intimately known and more highly thought of than any other Briton. For twenty years at least no one on this side of the Atlantic has had one-half of Mr. Bryce's influence on American opinion. I well remember how, when I was endeavoring to hold up the British end of the Boer War at public meetings in America, nothing handicapped me so much as the fact that Mr. Bryce had pronounced on the other side. For the great majority of the Americans the rights and wrongs of that struggle were settled when Mr. Bryce's views were known. Ever since the appearance of his "American Commonwealth" all thinking America has felt itself the debtor to Mr. Bryce. Many things have changed in the United States since its publication, but Mr. Bryce's volumes still retain their easy pre-eminence. You will find them used to-day as the text-book on the American system of government in every high school, college, and university in the country. Mr. Bryce not only interpreted America to the Americans but discovered more than one feature in the American fabric of which the Americans themselves were ignorant. It has been his happy fortune to be the founder of a whole school of American political inquiry, and all its professors look to him as their master. And besides this, his learning, his historical and biographical writings, his uniform friendliness to America, his unrivalled knowledge of the country and its ways, his broad democratic instincts, his freedom from pedantry and "side," and his tremendous and infectious vitality, assured him a unique welcome when he arrived in Washington, not as a private student and traveller but as his country's representative.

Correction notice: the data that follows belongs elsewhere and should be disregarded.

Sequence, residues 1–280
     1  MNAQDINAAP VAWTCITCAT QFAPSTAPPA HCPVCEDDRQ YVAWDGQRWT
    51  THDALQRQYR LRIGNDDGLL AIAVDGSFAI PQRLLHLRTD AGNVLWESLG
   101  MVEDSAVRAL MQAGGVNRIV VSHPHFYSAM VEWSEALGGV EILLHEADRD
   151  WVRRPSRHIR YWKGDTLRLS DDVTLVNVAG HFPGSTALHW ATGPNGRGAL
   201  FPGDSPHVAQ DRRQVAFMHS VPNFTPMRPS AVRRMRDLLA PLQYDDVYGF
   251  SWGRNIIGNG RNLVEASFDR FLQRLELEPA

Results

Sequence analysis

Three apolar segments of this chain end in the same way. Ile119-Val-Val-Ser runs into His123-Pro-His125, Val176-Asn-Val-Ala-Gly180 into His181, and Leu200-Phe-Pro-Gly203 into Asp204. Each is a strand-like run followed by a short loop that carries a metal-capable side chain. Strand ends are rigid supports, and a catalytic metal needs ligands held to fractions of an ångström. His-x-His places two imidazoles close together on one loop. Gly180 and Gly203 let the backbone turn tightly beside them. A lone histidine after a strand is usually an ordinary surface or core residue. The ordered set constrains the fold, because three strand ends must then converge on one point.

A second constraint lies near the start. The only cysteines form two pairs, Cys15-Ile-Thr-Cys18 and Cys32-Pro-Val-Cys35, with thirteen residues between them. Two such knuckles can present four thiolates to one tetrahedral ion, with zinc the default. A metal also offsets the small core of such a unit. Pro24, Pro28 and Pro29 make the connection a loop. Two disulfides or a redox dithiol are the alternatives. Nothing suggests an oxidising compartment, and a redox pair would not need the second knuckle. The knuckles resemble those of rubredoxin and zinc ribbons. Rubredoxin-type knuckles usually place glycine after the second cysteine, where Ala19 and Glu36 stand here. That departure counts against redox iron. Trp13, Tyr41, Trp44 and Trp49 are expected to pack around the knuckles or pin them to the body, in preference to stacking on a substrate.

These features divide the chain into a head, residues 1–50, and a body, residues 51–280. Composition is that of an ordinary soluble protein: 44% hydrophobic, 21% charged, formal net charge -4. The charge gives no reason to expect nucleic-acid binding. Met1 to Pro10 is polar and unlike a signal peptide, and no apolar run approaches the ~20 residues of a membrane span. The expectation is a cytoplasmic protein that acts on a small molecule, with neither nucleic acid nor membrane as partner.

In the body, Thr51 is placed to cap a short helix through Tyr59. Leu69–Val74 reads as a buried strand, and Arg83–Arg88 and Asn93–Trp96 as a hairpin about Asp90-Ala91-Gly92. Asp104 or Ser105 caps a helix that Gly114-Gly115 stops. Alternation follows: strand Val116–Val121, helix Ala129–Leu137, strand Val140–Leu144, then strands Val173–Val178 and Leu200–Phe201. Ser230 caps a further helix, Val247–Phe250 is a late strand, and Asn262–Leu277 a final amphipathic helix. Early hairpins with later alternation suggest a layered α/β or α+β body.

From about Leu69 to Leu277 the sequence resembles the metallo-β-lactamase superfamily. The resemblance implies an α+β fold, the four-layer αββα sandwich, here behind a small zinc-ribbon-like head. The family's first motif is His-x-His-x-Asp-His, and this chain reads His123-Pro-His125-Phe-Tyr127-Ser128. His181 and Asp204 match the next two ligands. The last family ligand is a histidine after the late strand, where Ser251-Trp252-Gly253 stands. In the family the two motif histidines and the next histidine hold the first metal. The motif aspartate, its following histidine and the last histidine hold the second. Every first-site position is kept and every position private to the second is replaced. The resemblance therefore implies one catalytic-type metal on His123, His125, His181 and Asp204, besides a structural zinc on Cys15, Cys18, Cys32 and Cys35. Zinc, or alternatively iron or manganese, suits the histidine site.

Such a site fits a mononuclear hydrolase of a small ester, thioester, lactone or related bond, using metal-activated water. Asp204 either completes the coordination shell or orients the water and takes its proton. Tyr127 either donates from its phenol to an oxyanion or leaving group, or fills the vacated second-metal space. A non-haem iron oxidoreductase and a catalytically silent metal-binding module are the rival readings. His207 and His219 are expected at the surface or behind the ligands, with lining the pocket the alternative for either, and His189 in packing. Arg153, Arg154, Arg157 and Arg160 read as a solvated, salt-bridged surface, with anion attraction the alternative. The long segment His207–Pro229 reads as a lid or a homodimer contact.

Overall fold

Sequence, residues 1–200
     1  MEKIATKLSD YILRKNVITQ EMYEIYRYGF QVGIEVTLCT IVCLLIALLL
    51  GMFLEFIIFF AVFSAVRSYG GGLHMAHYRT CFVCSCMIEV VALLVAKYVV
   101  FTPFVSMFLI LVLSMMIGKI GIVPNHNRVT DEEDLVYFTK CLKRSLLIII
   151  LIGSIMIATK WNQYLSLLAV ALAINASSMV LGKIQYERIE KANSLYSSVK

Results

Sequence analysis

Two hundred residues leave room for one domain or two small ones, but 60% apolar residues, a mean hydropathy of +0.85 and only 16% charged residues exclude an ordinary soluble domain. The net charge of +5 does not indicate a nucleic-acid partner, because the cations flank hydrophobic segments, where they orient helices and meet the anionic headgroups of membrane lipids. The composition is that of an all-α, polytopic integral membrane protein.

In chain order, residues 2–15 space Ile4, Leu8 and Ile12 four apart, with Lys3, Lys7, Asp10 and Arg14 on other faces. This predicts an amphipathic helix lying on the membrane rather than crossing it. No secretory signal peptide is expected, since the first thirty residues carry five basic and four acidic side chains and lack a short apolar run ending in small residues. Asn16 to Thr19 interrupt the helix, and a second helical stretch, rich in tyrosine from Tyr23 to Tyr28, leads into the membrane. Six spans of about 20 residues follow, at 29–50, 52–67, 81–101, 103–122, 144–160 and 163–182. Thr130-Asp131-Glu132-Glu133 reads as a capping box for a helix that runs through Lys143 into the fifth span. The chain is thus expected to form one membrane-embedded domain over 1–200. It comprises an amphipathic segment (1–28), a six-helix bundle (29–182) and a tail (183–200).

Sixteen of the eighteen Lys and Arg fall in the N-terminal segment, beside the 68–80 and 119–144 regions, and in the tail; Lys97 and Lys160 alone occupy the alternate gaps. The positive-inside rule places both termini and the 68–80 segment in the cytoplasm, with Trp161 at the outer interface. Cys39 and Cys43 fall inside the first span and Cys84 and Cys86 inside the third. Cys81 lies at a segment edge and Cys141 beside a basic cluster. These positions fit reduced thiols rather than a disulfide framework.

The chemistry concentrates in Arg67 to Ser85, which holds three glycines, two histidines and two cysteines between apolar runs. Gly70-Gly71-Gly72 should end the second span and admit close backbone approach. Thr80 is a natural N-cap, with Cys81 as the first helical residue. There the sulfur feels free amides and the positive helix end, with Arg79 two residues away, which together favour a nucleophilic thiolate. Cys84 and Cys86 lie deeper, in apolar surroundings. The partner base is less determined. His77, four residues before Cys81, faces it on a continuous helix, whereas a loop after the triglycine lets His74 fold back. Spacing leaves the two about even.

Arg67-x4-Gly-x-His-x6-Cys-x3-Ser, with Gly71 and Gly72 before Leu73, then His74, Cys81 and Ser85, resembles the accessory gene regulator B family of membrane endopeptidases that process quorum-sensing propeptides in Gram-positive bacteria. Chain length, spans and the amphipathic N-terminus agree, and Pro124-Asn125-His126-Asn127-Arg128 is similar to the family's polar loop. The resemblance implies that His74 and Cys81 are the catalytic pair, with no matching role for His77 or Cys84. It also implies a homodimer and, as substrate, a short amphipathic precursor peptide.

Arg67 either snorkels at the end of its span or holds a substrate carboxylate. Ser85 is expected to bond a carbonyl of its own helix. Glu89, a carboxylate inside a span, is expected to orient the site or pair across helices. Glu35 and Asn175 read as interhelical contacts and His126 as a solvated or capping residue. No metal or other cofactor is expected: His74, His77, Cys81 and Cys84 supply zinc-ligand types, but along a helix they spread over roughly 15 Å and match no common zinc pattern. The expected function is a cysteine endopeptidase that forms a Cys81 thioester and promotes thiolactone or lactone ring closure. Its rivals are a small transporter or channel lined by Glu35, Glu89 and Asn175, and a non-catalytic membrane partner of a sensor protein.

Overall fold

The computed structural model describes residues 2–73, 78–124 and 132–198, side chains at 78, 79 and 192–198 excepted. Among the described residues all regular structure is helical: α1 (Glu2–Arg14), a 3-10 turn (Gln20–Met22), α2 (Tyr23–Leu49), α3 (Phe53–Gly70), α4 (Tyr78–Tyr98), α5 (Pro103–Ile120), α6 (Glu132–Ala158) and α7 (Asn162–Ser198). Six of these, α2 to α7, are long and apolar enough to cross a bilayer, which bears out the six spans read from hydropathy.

I cannot better summarize Mr. Bryce's achievements as Ambassador than by saying he has adapted to American conditions the example set by